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Increasing Problems For Kids
A greater number of children have food allergies than have been previously reported says a study recently published in Pediatrics.
According to the study of over 40,000 children, one in 13 suffer from a food allergy. This implies that 8 percent, or about 5.9 million children, under the age of 18 in the U.S. are allergic to at least one food, particularly peanuts, milk, or shellfish.
The study also finds that white middle class children who lived outside of the Midwest were most likely to have a confirmed diagnosis of a food allergy, although the ability to receive specialized healthcare (such as being unable to afford allergy tests) may affect this statistic.
Troubles With The Data
Dr. Ruchi Gupta, the study’s lead author, notes that because there isn’t a universally accepted definition for food allergy, it is difficult to precisely diagnose and collect data.
Allergies can be diagnosed through several different procedures including skin testing, blood testing, and food challenges, all of which may produce different results.
A study published by JAMA in 2010 also found that there are no conclusive evaluations of the effectiveness of dietary restrictions, food reintroductions, and drug treatments. These discrepancies could account for the increased number of reported food allergies in children, or they may suggest that more children have food allergies than were previously diagnosed.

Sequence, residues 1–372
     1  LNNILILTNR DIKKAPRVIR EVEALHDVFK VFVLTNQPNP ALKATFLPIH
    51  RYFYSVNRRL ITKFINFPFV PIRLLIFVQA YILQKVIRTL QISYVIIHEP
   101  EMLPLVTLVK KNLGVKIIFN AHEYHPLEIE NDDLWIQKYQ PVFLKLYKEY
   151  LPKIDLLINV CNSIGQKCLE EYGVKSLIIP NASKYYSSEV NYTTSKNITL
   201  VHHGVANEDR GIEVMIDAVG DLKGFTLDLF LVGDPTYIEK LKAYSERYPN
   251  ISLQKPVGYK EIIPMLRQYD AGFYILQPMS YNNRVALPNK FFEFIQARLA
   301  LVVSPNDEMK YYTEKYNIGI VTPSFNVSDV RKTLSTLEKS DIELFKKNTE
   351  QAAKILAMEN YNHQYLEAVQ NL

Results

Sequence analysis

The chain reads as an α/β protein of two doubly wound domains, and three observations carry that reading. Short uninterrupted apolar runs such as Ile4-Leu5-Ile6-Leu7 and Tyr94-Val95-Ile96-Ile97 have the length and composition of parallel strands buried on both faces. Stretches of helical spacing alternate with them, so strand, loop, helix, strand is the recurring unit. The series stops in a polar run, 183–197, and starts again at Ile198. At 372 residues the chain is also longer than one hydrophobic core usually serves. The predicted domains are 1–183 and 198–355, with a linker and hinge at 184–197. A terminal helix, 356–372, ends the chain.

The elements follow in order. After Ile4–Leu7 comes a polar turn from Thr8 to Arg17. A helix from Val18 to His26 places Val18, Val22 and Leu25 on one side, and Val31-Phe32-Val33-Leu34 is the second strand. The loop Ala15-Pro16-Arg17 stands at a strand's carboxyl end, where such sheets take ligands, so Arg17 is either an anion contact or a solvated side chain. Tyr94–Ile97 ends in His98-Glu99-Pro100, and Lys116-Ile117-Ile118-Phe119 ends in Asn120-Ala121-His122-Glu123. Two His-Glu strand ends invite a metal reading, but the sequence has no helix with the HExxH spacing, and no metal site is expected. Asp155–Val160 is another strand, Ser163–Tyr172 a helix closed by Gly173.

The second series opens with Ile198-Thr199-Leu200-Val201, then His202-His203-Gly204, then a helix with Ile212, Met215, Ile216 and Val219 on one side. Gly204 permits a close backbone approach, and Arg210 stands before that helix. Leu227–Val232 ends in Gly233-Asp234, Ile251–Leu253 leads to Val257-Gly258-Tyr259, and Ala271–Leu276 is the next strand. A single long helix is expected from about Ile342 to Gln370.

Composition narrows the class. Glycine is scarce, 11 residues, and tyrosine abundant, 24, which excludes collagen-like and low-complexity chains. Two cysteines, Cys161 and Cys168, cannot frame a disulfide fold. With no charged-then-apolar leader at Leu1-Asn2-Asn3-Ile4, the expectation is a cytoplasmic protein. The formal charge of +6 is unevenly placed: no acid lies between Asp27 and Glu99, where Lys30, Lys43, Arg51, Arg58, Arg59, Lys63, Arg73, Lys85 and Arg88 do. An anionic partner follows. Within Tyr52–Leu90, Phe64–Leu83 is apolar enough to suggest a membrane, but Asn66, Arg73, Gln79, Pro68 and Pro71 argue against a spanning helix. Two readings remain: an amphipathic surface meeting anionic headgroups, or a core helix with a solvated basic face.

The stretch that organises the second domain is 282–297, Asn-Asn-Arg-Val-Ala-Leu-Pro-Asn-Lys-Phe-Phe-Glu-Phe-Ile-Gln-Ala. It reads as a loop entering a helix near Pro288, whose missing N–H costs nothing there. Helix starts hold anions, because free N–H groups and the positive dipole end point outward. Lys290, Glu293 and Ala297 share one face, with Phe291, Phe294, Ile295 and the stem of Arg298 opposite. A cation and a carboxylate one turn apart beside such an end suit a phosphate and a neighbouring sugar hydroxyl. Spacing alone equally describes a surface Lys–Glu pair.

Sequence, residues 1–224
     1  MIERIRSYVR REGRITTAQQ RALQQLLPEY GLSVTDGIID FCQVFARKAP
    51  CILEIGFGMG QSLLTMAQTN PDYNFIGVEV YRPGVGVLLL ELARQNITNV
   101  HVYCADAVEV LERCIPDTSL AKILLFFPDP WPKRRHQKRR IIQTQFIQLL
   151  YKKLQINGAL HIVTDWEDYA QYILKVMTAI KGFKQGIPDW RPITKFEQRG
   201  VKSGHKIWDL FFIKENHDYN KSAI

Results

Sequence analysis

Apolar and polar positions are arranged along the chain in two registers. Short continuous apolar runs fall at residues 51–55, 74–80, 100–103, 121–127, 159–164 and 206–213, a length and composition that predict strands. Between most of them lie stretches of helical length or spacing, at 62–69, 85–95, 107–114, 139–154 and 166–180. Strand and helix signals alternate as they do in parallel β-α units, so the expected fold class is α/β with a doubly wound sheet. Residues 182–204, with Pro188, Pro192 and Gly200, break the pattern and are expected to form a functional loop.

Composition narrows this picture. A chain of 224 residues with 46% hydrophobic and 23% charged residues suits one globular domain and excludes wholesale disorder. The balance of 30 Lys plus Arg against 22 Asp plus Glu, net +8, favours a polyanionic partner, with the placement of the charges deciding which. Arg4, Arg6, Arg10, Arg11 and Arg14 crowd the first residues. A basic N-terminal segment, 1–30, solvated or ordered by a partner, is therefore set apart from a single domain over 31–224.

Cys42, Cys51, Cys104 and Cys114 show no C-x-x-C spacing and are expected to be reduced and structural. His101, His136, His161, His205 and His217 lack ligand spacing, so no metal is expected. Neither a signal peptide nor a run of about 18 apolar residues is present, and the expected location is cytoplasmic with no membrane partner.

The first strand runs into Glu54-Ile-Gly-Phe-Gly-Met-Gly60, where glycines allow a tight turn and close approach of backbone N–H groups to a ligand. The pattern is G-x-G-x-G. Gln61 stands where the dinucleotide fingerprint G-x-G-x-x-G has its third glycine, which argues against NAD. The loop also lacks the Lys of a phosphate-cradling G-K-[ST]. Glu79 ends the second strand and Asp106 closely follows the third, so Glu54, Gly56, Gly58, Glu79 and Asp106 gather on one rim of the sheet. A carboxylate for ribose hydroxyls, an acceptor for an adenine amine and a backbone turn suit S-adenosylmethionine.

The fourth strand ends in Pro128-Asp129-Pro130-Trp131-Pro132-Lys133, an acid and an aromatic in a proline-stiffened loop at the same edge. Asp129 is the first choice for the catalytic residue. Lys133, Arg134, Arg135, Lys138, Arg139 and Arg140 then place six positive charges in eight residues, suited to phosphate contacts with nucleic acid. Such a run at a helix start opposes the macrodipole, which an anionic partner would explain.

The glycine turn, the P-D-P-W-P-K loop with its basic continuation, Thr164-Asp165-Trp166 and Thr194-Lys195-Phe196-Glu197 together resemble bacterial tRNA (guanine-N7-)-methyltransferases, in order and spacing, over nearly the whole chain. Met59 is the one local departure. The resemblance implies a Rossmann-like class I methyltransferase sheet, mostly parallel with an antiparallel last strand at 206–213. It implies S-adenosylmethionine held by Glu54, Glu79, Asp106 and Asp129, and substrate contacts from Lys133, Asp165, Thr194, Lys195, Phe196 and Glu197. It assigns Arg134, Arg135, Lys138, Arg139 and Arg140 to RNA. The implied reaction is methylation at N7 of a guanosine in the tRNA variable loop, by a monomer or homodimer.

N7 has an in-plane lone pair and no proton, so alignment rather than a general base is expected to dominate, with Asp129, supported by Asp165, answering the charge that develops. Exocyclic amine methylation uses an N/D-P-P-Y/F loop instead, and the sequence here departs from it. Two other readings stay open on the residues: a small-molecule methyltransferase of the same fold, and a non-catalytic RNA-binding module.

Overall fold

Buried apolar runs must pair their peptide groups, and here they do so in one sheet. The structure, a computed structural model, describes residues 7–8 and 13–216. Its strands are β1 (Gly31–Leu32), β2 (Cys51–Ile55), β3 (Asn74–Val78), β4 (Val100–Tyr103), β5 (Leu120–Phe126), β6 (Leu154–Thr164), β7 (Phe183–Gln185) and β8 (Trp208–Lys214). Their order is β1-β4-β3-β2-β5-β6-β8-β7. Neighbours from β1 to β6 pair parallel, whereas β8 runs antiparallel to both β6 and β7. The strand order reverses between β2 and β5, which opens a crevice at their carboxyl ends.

Additionally, there public confusion about the different between food allergies and food intolerance.
Regardless of the precise definition, food allergies can be lethal and affect millions of children. The American Academy of Allergy Asthma and Immunology says that 150-200 people die of lethal food allergy reactions every year.
Growing Into Independence
Teenagers have an especially high risk of dangerous food allergy reactions, but this may not be because allergies become worse over time. Dr. Clifford Bassett of the Allergy and Asthma Care of New York noted that social pressures can influence the way teenagers view their food allergy, including causing embarrassment about their specialized diet and their adrenaline injector.
As children grow into teens their eating habits become more independent. Teens tend to go out with their friends and have more social and school related activities without their parents, so the danger of eating a food that they are allergic to increases.
This increased risk is accompanied by an increased amount of fear and anxiety. A study published in Risk Analysis in 2010 found that many teenagers with food allergies feel unsafe at school. It goes on to say that the transition from the more child-centered lower grades to the more independent upper grades is one major factor that alters how teens perceive their food allergies.
How To Get Help
In the study, younger children said described their feelings about their food allergies as scared, annoyed, and unhappy. Their response strategies to dealing with a food allergy related situation would be to approach an adult.
On the other hand, teenagers said they would respond to food allergy related situations by managing their own risks, such as reading food labels and avoiding risky situations. They described their food allergies in life-or-death terms and felt stress, anxiety, and fear about their allergy.
The study concluded that developing constructive, positive, and effective safety and emergency response plans that are backed up by a support system and information help a teenager with a food allergy feel safer and less anxious.